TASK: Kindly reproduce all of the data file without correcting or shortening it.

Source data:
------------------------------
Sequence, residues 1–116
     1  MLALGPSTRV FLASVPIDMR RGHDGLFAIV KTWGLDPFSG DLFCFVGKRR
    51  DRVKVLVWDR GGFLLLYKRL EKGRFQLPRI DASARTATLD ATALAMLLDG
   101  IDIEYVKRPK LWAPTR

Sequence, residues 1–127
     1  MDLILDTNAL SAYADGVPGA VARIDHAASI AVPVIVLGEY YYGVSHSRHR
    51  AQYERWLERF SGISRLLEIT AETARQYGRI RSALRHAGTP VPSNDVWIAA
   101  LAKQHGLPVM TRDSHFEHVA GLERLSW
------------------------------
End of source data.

Sequence, residues 1–116
     1  MLALGPSTRV FLASVPIDMR RGHDGLFAIV KTWGLDPFSG DLFCFVGKRR
    51  DRVKVLVWDR GGFLLLYKRL EKGRFQLPRI DASARTATLD ATALAMLLDG
   101  IDIEYVKRPK LWAPTR

Sequence, residues 1–127
     1  MDLILDTNAL SAYADGVPGA VARIDHAASI AVPVIVLGEY YYGVSHSRHR
    51  AQYERWLERF SGISRLLEIT AETARQYGRI RSALRHAGTP VPSNDVWIAA
   101  LAKQHGLPVM TRDSHFEHVA GLERLSW